Just then he heard the handle shift, wood against wood, then a latch clicked and clanked the door opened flooding the tunnel with soft green light. He scooted backwards on his elbows. A small figure crowded the doorway. A fluttering green light flew past the figure’s head into the tunnel lighting the shadowed face just for an instant. He saw large blue eyes pasted above a bulbous red nose surrounded by deep wrinkles. Messy white hair lay mopped atop its’ head filling the hood of a robe, accented only by a simple rope around her waist.

“How did you find me?” A steady female voice bloomed in the green glow.

He sat up, cleared his voice and told his tale.

“And so through all that you have endured what is it that you desire most?”

The tree dweller asked evenly.

Without any hesitation he answered “To be big, to be huge, to be so tall I
could be a giant. And I couldn’t be hurt by any one!”

“Is that so; well since you have found me I’m charged with granting you your wish? Are you sure that is what you want?” She asked with an unwavering stare.

“How is it that you can grant wishes?” He asked rising to his feet his nose just above her forehead.

“Well you have found the home at the end and the beginning of the rainbow. I have been here so long I cannot remember the beginning. I use magic to make rainbows. Of course I have to share some magic with my husband. You see, he’s a leprechaun and they need magic to ride high in the sky to clean the rainbows; anyway.” She said as she seemed to notice that she was becoming distracted.

“Oh,” he said slightly rolling his eyes. “Well do you think I could have something to eat and drink please?”

“Sure, please come in.” She offered stepping inside the firefly lit room. “Sit
here,” she said motioning towards amake shift cradle of a bed. “Here is a dry robe.”

She untethered from a hook on the wall. All the while the fire flies seemed to dance with her movements like fluid in the air. He gripped a warm wooden mug and clumsily took it to his lips. Warmnectar like nothing he had ever known, cut his parched throat with relief and soon fell fast asleep.

He woke up with the sun’s first light trying to make its way into his conscience through the grey reflection of heavy mist. Blinking and confused by the awakening sky line, he felt a branch from the tree he was leaning against poking him in the back. He rubbed his eyes and used a branch to pull himself to his feet. He looked down to see fog swirling through the trees. Their dark green tops looked like they grew straight from the fog void of any earth.

“Can this really be?” He said questioning the sight of enormous hands
opened before him.

He felt himself over and convinced that he wasn’t dreaming; found a tiny note in his pocket. It fluttered between his oversized finger and thumb in the wind high above the trees.He unfolded it to read the words. “Wishes are large but choices are bigger.”

Giving it no further thought he stuffed it back into his pocket and looked at the new world in front of him. His vision pierced the distance between him and the horizon. Standing where he used to be familiar with the smell of the forest floor, he could smell more than damp earth but the clean air above the canopy. Not too far off he could see smoke rising lightly to the sky through the fog backed by the blue grey of a new day.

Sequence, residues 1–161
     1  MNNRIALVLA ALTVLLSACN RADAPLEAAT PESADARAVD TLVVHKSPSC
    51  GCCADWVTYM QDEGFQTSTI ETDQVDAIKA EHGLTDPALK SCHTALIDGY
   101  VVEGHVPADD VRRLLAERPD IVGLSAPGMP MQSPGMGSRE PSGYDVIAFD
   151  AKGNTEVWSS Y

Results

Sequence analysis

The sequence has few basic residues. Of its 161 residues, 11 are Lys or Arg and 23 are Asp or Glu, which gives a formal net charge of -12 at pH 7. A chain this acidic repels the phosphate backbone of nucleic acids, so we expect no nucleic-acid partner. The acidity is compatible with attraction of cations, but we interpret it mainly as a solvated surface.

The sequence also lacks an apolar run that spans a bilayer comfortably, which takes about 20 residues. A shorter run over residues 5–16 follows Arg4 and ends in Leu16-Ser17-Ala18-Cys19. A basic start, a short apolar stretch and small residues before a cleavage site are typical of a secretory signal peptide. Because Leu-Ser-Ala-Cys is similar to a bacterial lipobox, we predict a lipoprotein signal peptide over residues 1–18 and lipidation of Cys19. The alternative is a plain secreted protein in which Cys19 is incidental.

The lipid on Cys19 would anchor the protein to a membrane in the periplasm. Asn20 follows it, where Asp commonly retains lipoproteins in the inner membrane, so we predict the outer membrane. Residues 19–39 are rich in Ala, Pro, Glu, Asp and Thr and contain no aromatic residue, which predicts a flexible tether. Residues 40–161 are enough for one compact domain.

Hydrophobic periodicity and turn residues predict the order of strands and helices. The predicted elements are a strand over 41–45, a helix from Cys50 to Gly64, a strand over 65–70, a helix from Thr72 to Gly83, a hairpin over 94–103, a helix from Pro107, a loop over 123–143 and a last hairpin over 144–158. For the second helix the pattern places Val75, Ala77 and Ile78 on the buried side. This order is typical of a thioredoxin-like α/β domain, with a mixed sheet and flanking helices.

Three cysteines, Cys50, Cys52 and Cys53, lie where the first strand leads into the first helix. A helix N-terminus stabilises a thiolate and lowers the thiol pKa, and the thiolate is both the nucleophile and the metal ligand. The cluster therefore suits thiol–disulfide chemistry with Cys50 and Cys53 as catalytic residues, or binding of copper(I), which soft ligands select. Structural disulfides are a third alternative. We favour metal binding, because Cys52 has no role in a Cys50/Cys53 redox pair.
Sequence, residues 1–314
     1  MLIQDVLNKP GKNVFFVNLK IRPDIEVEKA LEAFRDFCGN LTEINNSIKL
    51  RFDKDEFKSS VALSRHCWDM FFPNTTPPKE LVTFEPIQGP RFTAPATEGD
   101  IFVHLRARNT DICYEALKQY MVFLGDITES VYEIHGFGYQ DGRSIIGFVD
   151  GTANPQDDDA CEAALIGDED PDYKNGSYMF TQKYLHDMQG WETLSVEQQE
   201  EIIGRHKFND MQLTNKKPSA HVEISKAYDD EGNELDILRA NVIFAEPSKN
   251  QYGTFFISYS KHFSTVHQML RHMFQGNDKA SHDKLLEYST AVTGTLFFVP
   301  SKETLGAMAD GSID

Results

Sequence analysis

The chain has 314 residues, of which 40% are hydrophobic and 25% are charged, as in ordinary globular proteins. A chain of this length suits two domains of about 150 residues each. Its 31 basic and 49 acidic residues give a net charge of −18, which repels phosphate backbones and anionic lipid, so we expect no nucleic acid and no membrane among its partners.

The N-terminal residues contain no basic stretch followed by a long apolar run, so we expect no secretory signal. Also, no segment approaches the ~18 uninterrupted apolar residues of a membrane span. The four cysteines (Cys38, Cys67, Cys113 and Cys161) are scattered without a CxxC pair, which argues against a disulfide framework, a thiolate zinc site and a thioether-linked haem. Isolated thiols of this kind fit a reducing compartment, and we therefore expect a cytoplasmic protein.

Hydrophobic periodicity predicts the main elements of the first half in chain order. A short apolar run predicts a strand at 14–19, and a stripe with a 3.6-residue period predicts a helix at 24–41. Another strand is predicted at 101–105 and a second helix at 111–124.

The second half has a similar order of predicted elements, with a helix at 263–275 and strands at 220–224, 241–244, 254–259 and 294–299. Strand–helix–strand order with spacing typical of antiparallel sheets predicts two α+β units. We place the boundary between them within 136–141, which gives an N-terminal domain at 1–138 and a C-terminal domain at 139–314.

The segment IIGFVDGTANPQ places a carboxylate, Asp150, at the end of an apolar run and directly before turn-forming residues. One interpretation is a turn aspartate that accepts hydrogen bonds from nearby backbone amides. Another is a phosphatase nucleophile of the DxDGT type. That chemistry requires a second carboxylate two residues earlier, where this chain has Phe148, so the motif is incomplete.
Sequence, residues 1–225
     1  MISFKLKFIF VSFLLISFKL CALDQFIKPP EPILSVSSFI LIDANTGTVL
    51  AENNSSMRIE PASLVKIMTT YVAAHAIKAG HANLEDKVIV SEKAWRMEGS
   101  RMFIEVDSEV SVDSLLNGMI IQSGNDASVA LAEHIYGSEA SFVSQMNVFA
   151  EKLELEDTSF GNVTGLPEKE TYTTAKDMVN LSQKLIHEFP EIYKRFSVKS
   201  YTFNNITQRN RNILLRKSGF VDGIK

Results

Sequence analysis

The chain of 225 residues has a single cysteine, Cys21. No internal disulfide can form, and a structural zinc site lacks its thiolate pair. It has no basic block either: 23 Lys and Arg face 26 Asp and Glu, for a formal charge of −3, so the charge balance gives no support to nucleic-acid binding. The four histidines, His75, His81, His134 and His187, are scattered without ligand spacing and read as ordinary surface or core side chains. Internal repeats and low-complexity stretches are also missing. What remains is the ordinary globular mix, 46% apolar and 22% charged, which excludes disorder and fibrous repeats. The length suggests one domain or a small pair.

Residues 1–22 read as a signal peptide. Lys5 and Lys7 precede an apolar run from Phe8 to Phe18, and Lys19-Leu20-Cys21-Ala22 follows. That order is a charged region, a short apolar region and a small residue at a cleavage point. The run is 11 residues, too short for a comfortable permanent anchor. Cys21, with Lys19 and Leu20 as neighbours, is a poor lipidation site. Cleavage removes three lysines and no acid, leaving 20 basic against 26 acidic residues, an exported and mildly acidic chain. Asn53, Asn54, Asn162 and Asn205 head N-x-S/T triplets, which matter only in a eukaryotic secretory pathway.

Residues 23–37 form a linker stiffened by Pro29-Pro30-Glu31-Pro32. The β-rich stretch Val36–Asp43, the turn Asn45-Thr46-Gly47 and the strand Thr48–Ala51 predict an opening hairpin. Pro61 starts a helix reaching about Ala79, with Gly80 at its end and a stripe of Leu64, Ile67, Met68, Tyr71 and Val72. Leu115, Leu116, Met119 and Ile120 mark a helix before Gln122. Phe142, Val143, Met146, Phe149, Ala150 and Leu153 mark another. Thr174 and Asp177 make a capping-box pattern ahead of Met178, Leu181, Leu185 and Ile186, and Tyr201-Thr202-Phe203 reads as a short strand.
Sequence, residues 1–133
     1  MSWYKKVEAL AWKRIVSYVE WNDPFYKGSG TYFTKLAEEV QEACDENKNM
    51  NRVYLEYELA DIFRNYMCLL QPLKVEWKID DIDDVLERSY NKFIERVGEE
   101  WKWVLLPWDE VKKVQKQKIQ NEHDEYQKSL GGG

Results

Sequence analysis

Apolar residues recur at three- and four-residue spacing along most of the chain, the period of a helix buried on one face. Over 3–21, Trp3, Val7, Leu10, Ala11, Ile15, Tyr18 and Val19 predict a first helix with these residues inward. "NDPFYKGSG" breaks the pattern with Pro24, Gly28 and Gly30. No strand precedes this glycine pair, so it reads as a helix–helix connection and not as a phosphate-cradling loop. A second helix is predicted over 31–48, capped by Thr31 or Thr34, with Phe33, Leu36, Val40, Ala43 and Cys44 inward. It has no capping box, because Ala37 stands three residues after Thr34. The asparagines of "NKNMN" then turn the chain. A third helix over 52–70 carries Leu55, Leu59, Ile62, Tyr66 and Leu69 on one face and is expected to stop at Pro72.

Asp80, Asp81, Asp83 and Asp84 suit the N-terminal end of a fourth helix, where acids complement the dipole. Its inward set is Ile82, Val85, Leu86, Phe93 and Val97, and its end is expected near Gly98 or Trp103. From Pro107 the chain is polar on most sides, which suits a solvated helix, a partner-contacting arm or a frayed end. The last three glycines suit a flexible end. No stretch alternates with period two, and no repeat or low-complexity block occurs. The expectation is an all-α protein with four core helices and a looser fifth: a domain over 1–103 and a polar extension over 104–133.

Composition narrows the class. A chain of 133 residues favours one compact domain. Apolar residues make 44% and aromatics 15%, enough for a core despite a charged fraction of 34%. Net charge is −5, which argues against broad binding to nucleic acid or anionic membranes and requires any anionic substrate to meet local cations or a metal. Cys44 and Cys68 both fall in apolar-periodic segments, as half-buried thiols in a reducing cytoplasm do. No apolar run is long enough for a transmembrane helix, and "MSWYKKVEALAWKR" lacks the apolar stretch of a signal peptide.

Immediately he thought of the man who had kicked him to the ground. He started in that direction slapping his hands over the tops of the trees. The new giant came to the clearing that the smoke escaped from. There stood the house that kept the man that had kicked him from the porch and spurred his rampage into the forest.

The site bred the pain of being kicked in the chest then laughed at, while almost drowning in the mud, emerged from his wild eyes as angry tears.His head was filled with all the misery and injustice that met him at every moment of his life.

He didn’t stop to think of his selfless mother who loved him. He didn’t know how to appreciate the simple life he had led. He couldn’t understand that he had food and shelter while there were many in the kingdom that did not. No, he didn’t stop to think of all that he had to be thankful for. Instead, he let his anger turn to revenge for all that was unfair and to become the deliverer of another’s end.

One giant kick at the house under the fog and justice was done. Now, another mother and her son Jack were left to fend for themselves without a father.

Feeling his new power the giant thundered off and destroyed what he wanted and took what he wanted. His gathering of riches went on for weeks.With all the spoils of his pillaging he plopped down in the middle of two mountains to carve out a home sized to fit.He wasn’t there long when he heard a familiar small voice.

“So what have you done with your wish?”

He searched the dark of the forest floor looking for who made the sound. He quickly realized who it was. “I, eh, I,” He attempted to find words but his sudden shame kept them from forming.

“You will be punished.” The robed tree dweller said simply. “Since this is what you think you want, you shall have it. You are banished to your own kingdom in the clouds, where you will live out your days alone with your treasure.”

With two winks and a whirlwind of gold the giant found himself in his new kingdom built to fit. All that he had pillaged, all that glittered of gold, all of the fine things he stole, were neatly placed about him in his new home. He walked to the edge of his cloudy castle to look down upon the world he left behind.

While he had become a king with no one to rule, Jack and his mother were finding their own way in the world. With no father to provide for them they were destitute and stricken by all that was miserable.

Jack’s life came fast. By the time he was seven he and his mother had mostly rebuilt the damage left by an event he couldn’t remember. His mother did recall the day. She said, “One morning when the fog on the ground was still thick and wet, we heard a deep grumbling noise and then the side of the house was just,” She paused and stared, the direction of her memory pressing hard at her eyes, then finished.

“Gone, and it was where your father was.”

It was the same story all his life. By the time he was sixteen they and the rest of the kingdom had fallen into hard times. Now old enough to work but there was not any work to be had. He could farm but their land produced nothing. He did his best to take care of his mother but they were starving.

One morning he was getting ready to head into town to look for work and his mother ordered him to take their only cow tomarket to sell it so they might afford to leave this barren place.

He led his cow to town and on the way he came across a tiny old woman in a green robe who politely offered to trade him a handful of magic beans for his cow.